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Esperanto speakers have their own culture, on top of being a "gateway" to the culture of the entire world (inherently more-so than most other dominant languages are). As examples, gufujoj exist, and Esperanto speakers will talk about what would normally be considered extremely touchy subjects without restraint (such as political talk or questions about racism), even if they wouldn't do this in their home country or another language they know.
In general, Esperanto culture places a huge focus on reading, education (especially of news, facts and languages from around the world), tolerance and acceptance (especially of people completely different from yourself). Esperanto speakers are also more prone to being against globalization and culture-washing or throwing away one's native language, meaning that while they want to be able to talk to people they also want those people to "stay unique".
Native Esperanto speakers are people who have acquired Esperanto as one of their native languages. As of 1996, there were 350 or so attested cases of families with native Esperanto speakers. Estimates from associations indicate that there are currently around 1,000 Esperanto-speaking families, involving perhaps 2,000 children. In all known cases, speakers are natively bilingual, or multilingual, raised in both Esperanto and either the local national language or the native language of their parents. In all but a handful of cases, it was the father who used Esperanto with the child. In the majority of such families, the parents had the same native language, though in many the parents had different native languages, and only Esperanto in common.
Esperanto speakers create a makeshift café (whether in a rented space or someone's home), using Esperanto coins or voucher-like items as well as real money to pay for food and drink. Live music, poetry reading, or literature reading are usual activities. This custom arose in 1995 in order to contrast with the more usual custom of after-convention partying at a bar.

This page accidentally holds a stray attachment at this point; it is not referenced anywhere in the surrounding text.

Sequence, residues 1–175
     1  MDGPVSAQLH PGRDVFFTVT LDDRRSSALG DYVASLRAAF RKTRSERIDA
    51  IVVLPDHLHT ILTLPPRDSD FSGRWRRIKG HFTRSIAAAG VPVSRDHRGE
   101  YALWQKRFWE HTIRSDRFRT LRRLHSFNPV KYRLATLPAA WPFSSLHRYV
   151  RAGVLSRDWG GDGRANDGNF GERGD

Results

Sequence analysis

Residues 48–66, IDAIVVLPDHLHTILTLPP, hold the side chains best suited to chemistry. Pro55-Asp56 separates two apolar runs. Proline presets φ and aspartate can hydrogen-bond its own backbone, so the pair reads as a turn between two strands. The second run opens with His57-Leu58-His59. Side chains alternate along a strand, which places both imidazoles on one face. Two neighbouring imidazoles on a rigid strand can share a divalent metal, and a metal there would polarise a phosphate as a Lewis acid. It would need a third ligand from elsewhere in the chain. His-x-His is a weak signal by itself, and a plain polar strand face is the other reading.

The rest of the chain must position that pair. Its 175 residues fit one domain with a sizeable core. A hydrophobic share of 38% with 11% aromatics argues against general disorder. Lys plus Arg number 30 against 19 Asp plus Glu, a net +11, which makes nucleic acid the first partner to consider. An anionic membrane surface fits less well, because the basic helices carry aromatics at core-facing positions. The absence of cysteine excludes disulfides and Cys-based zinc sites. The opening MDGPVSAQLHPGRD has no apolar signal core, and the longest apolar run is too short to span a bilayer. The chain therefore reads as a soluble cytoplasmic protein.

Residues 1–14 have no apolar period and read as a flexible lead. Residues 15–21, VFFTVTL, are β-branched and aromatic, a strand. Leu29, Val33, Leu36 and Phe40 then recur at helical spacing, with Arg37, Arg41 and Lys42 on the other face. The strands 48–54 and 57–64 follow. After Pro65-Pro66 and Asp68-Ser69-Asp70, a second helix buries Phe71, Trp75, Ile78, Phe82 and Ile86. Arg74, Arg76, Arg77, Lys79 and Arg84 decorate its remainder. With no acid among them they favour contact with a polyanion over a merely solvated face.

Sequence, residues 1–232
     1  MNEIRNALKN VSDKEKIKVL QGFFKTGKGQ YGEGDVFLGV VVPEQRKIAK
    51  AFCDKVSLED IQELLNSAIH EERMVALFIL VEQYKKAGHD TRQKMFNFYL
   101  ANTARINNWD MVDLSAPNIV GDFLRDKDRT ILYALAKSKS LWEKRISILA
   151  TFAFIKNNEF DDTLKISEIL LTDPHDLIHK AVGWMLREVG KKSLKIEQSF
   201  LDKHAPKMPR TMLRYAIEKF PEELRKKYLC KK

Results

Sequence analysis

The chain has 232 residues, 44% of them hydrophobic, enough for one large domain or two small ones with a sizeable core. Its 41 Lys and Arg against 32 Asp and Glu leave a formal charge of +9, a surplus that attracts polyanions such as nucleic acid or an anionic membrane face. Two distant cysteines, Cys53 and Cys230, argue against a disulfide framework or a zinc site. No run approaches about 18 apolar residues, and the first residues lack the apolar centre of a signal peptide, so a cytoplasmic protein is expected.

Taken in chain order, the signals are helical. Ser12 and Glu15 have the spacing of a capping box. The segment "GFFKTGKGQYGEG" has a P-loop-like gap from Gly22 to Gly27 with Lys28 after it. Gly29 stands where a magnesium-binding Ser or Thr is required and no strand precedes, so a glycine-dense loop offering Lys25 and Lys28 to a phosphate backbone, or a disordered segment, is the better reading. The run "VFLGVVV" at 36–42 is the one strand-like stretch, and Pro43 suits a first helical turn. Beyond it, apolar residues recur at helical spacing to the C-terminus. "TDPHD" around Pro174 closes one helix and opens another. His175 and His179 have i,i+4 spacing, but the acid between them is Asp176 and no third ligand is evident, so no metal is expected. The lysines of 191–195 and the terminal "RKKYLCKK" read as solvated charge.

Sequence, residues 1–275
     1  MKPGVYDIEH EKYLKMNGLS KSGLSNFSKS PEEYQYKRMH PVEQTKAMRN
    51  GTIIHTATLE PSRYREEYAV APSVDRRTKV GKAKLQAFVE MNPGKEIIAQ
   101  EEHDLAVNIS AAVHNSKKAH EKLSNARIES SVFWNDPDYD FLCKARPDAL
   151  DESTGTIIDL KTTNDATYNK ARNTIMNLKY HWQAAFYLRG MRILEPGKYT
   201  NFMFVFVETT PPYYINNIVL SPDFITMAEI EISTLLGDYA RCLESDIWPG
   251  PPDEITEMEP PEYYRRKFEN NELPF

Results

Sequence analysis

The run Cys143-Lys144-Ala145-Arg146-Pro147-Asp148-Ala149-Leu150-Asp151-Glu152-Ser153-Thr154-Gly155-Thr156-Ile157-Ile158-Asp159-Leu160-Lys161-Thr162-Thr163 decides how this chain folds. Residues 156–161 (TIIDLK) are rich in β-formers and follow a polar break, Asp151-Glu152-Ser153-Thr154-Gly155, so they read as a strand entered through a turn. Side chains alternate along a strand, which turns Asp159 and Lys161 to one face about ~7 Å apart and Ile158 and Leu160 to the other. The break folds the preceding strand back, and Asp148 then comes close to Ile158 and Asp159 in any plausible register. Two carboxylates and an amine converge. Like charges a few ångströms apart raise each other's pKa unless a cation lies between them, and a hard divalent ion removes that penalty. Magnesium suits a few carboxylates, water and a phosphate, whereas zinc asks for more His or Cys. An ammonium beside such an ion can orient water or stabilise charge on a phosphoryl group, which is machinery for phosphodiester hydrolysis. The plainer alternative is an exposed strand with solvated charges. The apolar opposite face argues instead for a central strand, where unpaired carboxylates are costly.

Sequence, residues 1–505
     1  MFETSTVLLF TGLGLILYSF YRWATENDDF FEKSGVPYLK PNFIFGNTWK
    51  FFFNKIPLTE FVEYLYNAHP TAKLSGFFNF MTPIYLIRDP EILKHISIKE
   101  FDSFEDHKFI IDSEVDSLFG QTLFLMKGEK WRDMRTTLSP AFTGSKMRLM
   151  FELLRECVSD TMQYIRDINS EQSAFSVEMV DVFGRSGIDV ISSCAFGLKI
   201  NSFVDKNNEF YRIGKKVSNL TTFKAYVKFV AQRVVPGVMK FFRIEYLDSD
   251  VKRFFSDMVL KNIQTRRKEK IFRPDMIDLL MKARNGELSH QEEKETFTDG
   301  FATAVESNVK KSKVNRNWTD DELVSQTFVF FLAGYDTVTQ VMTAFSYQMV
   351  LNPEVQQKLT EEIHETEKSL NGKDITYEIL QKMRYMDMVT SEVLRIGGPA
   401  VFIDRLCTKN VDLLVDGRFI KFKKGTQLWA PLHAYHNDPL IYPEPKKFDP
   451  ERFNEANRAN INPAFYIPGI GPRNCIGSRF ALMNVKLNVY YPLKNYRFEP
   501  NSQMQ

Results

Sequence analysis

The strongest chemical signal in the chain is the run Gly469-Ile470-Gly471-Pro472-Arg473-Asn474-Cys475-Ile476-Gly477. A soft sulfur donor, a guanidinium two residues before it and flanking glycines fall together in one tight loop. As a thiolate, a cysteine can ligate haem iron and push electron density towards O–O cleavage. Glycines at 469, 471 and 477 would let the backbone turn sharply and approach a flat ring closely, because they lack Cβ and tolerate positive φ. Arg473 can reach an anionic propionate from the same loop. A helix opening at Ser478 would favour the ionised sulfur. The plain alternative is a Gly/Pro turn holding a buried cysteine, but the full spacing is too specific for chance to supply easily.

Esperanto has had an influence on certain religious traditions (Oomoto, Bahá'í Faith, etc., see Esperanto and religion). While some Esperantists subscribe to these beliefs, they are not necessarily common, and are certainly not required nor encouraged by any Esperanto groups.
Books that are translated to Esperanto are not usually internationally famous books, because everyone can already read those in another language that they know. For example, Natsume Sōseki's "Kokoro" does not exist but several Japanese crime novels, and several Icelandic novels, that have never been translated to English (or any other language) have been translated to Esperanto. One reason for this is that people are actually translating their favourite stories instead of the famous stories, and another is that it's simply cheaper and easier to get the rights to translate a small-time book compared to a famous one.
The first Harry Potter book, for example, was translated and the translator enquired about how to purchase translating rights so the book could be published, but J.K. Rowling refused to allow it to be published in Esperanto (despite Harry Potter being one of the most-translated books in the whole world). In lieu of physical books, the translation now exists as a free download on the internet.
As Esperanto speakers were persecuted throughout WWII (Esperanto was banned in Germany and the Soviet Union), and even today might be mocked by journalists and the average person, oppression and acceptance have become strong themes in Esperanto writing and conversation.
There are over 25,000 Esperanto books (originals and translations) as well as over a hundred regularly distributed Esperanto magazines. This is despite that Esperanto has only existed for around 100 years. In comparison, the entire literature of Iceland (a country created in the 900s, and with a population of around 320,000 people) totals to fewer than 50,000 books.
Many speakers travel the world using the Pasporta Servo which is a free couchsurfing and homestay service combined, meaning that their trips are possible because they don't have to pay for lodging while at the same time they stay with people who speak a language they know fluently. Many people have commented that this is also a useful tool for actual immigrants, as Esperanto speakers are normally much friendlier and more willing to see the immigrant as a "human" compared to the normal natives of the country. For example, it's suggested that an English speaker in Japan should make friends with Esperanto speakers instead, because the Esperanto speakers won't "simply use the friendship as a way to get free English lessons".
Esperanto was originally a language that one had to learn entirely through books, and even today most people live apart from each other and converse through the internet, so writing and reading are a big part of Esperanto culture. Most people have created or translated some sort of written work whether fiction or nonfiction, published or available to read online for free.
Penpals have been popular since Esperanto's earliest days, as Esperanto was originally advertised as a language where you could "send a letter with a message, short list of grammar rules and a dictionary to a complete stranger, and they'll be able to look up the words and write a coherent reply back". Many people did indeed do this in order to recruit more Esperanto speakers.